‘If you’d gotten into a fight with that swordarm of yours, there’d of been bodies all over’ (Kazuo Koike and Goseki Kojima, Lone Wolf and Cub, vol. 2: The Gateless Barrier, translated by Dana Lewis)
‘I could of sworn I’d run into you some place before.’ (Carson McCullers, The Member of the Wedding)
‘It ain’t right I wasn’t there because if I had of been there I would of known.’ (Flannery O’Connor, A Good Man is Hard to Find)
‘The other vics probably would have lived if Lewin hadn’t of made that play.’ (George Pelecanos, Shame the Devil)
‘I should of thought of that my own self.’ (George Pelecanos, Shame the Devil)
‘If you’d gone in right away, you would of got him, none of this would of happened. . . . I’d of got off! You think I’d of stood around that roadblock for seven hours?’ (Richard Stark, Slayground)
‘Must of had a heart attack or something!?’ (Jamie Hewlett and Alan Martin, Tank Girl One):
Similar phrases appear in Cormac McCarthy’s novels. Here are a few from All the Pretty Horses, all used in dialogue:
They might as well of, he said.
Otherwise I’d of been born in Alabama.
…it was a mistake not to of told you.
But if it hadnt of been for her I wouldnt of made it.
He might well could of
The last example also serves as a nice example of a double modal. The [modal]-of construction is used frequently, and effectively, throughout Chris Cleave’s remarkable novel Incendiary:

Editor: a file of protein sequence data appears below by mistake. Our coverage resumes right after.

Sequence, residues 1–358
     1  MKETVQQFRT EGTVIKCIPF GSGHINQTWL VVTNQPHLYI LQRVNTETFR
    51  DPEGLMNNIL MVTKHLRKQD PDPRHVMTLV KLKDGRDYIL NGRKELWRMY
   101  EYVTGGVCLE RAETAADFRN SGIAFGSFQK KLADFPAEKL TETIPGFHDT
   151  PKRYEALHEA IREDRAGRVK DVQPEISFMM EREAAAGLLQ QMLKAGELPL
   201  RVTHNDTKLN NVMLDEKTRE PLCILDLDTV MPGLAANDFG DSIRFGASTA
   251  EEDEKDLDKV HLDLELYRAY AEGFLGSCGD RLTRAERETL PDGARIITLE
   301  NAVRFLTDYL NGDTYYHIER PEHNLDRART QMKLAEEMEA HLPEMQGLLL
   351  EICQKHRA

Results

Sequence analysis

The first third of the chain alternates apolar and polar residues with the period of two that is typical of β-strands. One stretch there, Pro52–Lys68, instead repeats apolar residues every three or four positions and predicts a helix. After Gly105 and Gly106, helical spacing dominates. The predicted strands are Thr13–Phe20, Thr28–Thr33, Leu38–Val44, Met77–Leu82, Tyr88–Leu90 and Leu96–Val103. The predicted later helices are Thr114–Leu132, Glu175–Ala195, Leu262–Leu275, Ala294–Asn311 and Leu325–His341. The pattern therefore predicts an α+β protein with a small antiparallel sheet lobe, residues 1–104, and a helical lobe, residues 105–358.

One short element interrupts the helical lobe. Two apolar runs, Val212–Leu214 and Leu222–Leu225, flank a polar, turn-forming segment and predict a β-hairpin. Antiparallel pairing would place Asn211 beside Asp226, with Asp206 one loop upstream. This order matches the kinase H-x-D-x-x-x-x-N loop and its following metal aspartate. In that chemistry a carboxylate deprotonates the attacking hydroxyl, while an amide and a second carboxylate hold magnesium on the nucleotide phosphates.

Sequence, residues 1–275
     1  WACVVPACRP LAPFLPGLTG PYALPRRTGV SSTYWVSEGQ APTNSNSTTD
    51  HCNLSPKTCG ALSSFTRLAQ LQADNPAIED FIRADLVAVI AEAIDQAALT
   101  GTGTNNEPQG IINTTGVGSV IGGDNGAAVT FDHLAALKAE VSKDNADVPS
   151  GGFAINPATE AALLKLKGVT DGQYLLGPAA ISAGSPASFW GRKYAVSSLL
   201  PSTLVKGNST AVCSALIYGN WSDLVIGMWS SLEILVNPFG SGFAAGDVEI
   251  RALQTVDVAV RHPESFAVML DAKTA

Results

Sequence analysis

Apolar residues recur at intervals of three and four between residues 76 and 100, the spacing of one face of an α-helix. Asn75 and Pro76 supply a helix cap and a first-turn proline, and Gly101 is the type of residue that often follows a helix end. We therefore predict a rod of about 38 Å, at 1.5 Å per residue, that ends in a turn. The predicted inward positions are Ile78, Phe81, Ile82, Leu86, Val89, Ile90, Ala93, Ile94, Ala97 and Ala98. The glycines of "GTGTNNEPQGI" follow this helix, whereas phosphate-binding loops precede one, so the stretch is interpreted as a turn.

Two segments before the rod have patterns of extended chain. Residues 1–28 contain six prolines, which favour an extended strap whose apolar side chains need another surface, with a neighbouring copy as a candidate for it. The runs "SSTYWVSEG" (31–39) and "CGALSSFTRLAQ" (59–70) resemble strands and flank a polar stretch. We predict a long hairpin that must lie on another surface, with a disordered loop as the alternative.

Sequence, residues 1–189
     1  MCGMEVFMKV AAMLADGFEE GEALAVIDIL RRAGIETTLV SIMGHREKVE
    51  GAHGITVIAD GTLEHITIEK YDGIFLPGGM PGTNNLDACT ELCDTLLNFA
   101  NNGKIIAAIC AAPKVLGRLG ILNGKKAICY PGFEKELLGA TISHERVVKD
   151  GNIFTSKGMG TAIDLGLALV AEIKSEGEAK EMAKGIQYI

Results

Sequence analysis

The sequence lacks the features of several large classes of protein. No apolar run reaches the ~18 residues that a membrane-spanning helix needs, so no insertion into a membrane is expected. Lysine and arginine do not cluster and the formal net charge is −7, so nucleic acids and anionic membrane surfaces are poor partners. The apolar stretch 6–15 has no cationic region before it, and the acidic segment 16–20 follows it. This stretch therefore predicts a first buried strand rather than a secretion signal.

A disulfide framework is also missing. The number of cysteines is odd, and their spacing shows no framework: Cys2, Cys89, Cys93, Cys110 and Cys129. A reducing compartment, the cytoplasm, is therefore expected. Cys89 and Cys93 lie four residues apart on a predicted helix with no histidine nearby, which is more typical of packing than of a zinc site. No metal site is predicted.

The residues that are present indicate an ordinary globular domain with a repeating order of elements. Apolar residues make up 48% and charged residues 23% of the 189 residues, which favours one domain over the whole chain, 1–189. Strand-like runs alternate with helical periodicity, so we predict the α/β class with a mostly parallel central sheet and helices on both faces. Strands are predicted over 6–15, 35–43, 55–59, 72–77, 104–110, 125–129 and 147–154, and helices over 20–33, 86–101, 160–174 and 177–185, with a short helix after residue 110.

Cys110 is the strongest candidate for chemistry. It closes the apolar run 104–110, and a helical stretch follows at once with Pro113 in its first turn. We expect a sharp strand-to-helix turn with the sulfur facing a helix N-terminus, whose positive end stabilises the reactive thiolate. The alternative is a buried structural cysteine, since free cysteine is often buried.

She was like that was Mena. Philosophical. I’d definitely of killed myself if it hadn’t of been for her.
If you could of looked in my eyes you’d of seen the same thing I shouldn’t wonder.
I wouldn’t of come near you I’d never of let you touch me you should be ashamed.
Most notably in this exchange between two people only one of whom uses it dialectally:
– He would of said something.
– Maybe he wouldn’t have.
– Wouldn’t you of?
Searching the Corpus of Contemporary American English for the string would of [v*], where [v*] is a verb, produces the graph below. It shows that the of-form’s predominant setting is fiction, usually “would of been”, and it also shows up in transcription of actual speech, as in the academic and newspaper instances. You can click through the image to view examples, sources, and further information at COCA.